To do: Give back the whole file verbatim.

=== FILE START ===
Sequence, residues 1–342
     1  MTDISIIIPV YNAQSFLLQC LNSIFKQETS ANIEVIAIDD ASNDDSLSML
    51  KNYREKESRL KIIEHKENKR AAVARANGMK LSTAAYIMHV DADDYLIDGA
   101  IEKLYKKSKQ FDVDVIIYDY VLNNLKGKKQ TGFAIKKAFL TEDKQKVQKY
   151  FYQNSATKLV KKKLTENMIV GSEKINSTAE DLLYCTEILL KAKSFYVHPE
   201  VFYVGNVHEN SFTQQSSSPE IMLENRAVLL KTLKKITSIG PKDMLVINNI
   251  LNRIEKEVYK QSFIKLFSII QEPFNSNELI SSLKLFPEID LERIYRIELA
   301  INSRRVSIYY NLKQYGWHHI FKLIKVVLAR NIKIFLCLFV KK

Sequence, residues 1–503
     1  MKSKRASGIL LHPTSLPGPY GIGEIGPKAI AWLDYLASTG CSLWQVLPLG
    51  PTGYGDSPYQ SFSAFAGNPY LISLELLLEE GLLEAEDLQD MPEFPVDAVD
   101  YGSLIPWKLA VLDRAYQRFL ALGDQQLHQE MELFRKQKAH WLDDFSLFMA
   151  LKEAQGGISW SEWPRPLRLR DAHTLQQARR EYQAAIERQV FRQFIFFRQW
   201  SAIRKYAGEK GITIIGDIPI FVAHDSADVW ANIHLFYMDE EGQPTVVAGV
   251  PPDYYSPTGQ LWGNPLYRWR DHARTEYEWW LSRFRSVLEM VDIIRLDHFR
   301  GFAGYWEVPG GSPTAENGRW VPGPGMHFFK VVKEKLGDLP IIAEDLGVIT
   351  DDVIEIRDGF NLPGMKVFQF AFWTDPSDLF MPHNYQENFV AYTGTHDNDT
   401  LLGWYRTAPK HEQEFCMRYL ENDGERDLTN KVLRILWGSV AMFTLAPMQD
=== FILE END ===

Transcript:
Sequence, residues 1–342
     1  MTDISIIIPV YNAQSFLLQC LNSIFKQETS ANIEVIAIDD ASNDDSLSML
    51  KNYREKESRL KIIEHKENKR AAVARANGMK LSTAAYIMHV DADDYLIDGA
   101  IEKLYKKSKQ FDVDVIIYDY VLNNLKGKKQ TGFAIKKAFL TEDKQKVQKY
   151  FYQNSATKLV KKKLTENMIV GSEKINSTAE DLLYCTEILL KAKSFYVHPE
   201  VFYVGNVHEN SFTQQSSSPE IMLENRAVLL KTLKKITSIG PKDMLVINNI
   251  LNRIEKEVYK QSFIKLFSII QEPFNSNELI SSLKLFPEID LERIYRIELA
   301  INSRRVSIYY NLKQYGWHHI FKLIKVVLAR NIKIFLCLFV KK

Sequence, residues 1–503
     1  MKSKRASGIL LHPTSLPGPY GIGEIGPKAI AWLDYLASTG CSLWQVLPLG
    51  PTGYGDSPYQ SFSAFAGNPY LISLELLLEE GLLEAEDLQD MPEFPVDAVD
   101  YGSLIPWKLA VLDRAYQRFL ALGDQQLHQE MELFRKQKAH WLDDFSLFMA
   151  LKEAQGGISW SEWPRPLRLR DAHTLQQARR EYQAAIERQV FRQFIFFRQW
   201  SAIRKYAGEK GITIIGDIPI FVAHDSADVW ANIHLFYMDE EGQPTVVAGV
   251  PPDYYSPTGQ LWGNPLYRWR DHARTEYEWW LSRFRSVLEM VDIIRLDHFR
   301  GFAGYWEVPG GSPTAENGRW VPGPGMHFFK VVKEKLGDLP IIAEDLGVIT
   351  DDVIEIRDGF NLPGMKVFQF AFWTDPSDLF MPHNYQENFV AYTGTHDNDT
   401  LLGWYRTAPK HEQEFCMRYL ENDGERDLTN KVLRILWGSV AMFTLAPMQD